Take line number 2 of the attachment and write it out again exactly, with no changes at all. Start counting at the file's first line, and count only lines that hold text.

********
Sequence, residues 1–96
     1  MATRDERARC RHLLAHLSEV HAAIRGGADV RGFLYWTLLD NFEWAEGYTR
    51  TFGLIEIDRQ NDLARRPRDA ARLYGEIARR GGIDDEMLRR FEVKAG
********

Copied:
     1  MATRDERARC RHLLAHLSEV HAAIRGGADV RGFLYWTLLD NFEWAEGYTR